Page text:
Intel 7 series motherboard pricing overview

We know many of you have been waiting for quite some time to get your hands on one of the very soon to launch – and already available in some countries – Intel 7-series chipset based motherboards. As such we thought it would be helpful to give a bit of an overview as to the pricing of some of the new boards and compare what you get for your money.

We won't be going into any specifications as such here, especially as most, if not all of the upcoming boards are already listed at the respective manufacturers website. Instead we want to give you an idea of what you can expect to pay for the various boards and pick out a few models that appear to be good value for money based on the pricing information we've found. The pricing is from a range of European online retailers and most models should be cheaper in the US market, but about the same elsewhere in the world, or at least not any more expensive with a few exceptions.

Starting off with the B75 chipset which isn't really intended for general consumers, yet have proven fairly popular among the motherboard makers due to its attractive price point, most boards are priced somewhere between €60 (US$79/S$99) and €75 (US$99/S$125) which seems quite reasonable. Keep in mind that the B75 chipset is limited to a single SATA 6Gbps port, but it still has the full set of four USB 3.0 ports and it also has native PCI support which might be important for some users. The B75 chipset also supports Rapid Start and Smart Connect technology for those that are interested in taking advantage of these features, although there's no support for Smart Response.

Moving up a step we have the H77 chipset and the cheapest boards start out at around €70 (US$92/S$116), but some are quite pricey like Intel's DG77KC at €105 (US$138/S$174) which is a lot of money to pay for a motherboard that isn't exactly mind blowing in terms of features. Something like Asus' P8H77-V at €90 (US$118/S$149) would be a lot more attractive in this case, as you get the same kind of features for a fair bit less money. Of course, if you don't need a DisplayPort connector, there are a lot more options to choose from, although in all fairness we'd expect most buyers in this market segment to go for a mATX model.

As for the little loved Z75 chipset we've only managed to find pricing for two boards and it's very likely that these are the only two Z75 models that will be available at launch. This is the only consumer desktop chipset that doesn't support features like Smart Response and Rapid Start, but it does allow for overclocking and the use of a pair of graphics card in a dual x8 PCI Express 3.0 configuration, so we're a little perplexed at the poor uptake by the board makers. However, if what we're hearing about the price difference between the Z75 and Z77 being smaller than the list prices, then we can sort of understand the argument from the board makers' side. As such only ASRock and Biostar offers up a model each, with ASRock coming in at around €80 (US$105/S$133) and Biostar surprisingly being about €10 (US$13/S$17) more expensive, although oddly enough neither manufacturer has implemented support for dual x8 PCI Express configurations and has instead chosen to go with a x16/x4 setup.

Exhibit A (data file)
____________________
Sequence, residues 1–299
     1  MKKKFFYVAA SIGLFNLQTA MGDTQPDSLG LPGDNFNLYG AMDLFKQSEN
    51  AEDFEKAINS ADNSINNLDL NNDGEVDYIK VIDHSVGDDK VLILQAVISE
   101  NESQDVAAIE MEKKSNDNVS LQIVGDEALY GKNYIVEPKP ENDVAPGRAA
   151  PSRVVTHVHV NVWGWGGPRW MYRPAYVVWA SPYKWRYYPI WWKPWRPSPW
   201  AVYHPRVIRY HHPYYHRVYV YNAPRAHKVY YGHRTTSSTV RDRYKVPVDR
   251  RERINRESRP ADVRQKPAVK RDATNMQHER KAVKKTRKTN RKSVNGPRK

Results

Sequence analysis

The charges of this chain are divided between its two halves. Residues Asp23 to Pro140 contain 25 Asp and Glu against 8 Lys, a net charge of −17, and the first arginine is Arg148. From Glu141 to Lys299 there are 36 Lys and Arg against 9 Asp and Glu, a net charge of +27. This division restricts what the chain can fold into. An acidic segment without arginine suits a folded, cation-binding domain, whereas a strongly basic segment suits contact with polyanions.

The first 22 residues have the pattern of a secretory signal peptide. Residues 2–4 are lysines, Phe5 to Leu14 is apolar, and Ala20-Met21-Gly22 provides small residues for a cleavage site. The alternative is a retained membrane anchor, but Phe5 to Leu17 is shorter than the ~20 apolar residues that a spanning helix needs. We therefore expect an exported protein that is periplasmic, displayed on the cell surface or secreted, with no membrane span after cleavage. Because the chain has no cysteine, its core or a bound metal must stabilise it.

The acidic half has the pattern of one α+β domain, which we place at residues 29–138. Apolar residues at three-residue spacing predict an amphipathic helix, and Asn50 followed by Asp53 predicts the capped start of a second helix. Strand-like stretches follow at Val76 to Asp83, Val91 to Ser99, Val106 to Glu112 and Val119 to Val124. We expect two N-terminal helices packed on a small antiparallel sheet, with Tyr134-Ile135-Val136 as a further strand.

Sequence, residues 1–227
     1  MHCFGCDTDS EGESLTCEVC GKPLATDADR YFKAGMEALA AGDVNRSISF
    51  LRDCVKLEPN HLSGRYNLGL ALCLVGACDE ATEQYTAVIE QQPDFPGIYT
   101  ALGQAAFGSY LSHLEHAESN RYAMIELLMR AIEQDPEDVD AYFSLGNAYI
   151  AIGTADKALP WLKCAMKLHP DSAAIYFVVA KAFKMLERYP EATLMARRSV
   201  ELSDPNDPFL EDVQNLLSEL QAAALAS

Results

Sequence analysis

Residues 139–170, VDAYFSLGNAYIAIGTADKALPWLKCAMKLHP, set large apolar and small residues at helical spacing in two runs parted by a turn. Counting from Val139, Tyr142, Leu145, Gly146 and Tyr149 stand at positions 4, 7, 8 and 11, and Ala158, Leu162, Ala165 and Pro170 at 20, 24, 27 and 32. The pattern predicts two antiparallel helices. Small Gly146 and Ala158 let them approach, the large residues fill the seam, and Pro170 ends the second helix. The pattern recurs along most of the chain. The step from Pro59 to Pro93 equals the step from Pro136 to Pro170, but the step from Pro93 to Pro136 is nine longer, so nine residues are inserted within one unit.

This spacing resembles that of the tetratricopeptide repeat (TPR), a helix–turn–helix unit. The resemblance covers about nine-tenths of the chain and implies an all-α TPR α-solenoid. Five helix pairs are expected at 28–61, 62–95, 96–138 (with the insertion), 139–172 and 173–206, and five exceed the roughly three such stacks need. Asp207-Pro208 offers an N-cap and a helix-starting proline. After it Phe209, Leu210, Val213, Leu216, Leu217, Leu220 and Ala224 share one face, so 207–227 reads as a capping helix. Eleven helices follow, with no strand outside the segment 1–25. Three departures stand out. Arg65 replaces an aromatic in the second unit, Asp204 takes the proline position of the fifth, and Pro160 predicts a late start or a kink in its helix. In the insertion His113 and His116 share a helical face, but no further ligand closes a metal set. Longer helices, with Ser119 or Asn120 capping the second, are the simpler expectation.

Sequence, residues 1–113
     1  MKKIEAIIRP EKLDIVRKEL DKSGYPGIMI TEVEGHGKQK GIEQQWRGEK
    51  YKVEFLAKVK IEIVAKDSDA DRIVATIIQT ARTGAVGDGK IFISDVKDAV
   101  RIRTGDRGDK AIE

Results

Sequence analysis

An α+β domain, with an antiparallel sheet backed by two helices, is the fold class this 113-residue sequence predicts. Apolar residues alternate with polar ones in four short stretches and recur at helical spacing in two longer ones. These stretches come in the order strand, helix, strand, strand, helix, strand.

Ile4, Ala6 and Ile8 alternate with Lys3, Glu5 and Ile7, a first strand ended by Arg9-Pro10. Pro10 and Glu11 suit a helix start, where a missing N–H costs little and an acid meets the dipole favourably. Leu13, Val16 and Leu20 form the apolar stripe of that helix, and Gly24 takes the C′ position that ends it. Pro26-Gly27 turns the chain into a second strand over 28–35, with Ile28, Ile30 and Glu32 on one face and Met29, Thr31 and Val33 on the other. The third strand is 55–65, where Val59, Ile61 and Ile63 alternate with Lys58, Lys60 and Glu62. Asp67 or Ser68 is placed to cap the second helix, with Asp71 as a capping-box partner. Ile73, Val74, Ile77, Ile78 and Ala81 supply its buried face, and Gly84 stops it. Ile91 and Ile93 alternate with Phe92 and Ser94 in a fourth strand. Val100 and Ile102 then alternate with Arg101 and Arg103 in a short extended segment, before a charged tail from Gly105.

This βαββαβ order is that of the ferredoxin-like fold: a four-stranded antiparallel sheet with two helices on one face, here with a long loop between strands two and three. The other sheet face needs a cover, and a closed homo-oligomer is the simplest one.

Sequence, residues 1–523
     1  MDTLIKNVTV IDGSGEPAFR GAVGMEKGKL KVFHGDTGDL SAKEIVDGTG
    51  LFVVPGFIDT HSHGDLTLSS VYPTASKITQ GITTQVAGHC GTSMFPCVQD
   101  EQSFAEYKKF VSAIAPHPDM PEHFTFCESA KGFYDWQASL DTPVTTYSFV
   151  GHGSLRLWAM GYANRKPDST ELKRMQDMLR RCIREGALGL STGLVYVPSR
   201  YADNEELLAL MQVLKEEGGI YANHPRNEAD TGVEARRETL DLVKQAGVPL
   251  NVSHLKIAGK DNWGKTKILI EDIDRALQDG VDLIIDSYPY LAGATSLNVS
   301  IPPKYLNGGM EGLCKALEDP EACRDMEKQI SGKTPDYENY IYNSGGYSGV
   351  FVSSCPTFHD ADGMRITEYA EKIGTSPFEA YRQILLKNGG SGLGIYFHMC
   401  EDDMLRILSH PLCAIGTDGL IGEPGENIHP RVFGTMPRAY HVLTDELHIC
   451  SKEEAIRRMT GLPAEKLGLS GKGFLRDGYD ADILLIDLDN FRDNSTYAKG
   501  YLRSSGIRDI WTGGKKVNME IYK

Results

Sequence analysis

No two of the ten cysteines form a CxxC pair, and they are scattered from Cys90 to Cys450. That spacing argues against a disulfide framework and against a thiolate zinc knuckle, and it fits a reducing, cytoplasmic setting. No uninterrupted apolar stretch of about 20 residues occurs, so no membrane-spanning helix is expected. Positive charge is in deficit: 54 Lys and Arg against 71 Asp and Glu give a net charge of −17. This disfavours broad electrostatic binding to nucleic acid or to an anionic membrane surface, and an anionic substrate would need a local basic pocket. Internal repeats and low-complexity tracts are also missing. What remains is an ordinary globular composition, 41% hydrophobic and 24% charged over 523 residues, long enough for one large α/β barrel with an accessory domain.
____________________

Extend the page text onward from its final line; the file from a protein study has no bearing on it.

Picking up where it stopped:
This takes us to the Z77 chipset which we'd imagine most DIY users will be getting for their systems if they can afford to. Compared to the current Z68 chipset, the more affordable Z77 models aren't that much more expensive as the cheapest boards are available for around €85 (US$112/S$141) whereas the cheapest Z68 models are less than €10 cheaper and many models from the same manufacturer being priced at nearly the same price point. As an example, Gigabyte's Z77M-D3H is priced exactly the same as its Z68M-D2H which it's replacing. In this specific case you gain USB 3.0 connectivity thanks to native support in the chipset and you don't really end up losing anything.

Higher-end models are of course going to set you back a pretty penny as they always do, but oddly enough the two most expensive models are from Intel and MSI. That said, Asus has as yet to launch its Maximus V Formula which is likely to end up being one of the more expensive models and we haven't managed to find any pricing for Gigabyte's G1 models which should end up being fairly expensive as well. Intel is apparently hoping that some foolish punters are going to be willing to drop €220 (US$289/S$365) on its DZ77GA model, or about €25 more than its current DZ68BC board. MSI on the other hand is asking for a whopping €270 (US$355/S$447) for its Thunderbolt equipped Z77A-GD80 motherboard, a price premium that we have a feeling very few people are going to be willing to pay.

Out of the four big Taiwanese motherboard makers, Gigabyte seems to be the company that is most consistent on pricing compared to its current products, although due to some changes in its line-up some SKUs have been upgraded and aren't directly comparable to older models within the same SKU. Everyone else seems to be charging a nice premium for their new models, with Intel seemingly having the largest premium tucked onto its boards. In some cases you do get a lot of extra features for your money and one such example is Asus' P8Z77-V Deluxe that comes with an on board Wi-Fi/Bluetooth card which surely adds some extra cost compared to its Z68 sibling. Do keep in mind that this is not MSRP pricing, nor is it what we'd expect the boards to sell for in a months' time, but it's an indicator of what you can expect to pay at launch.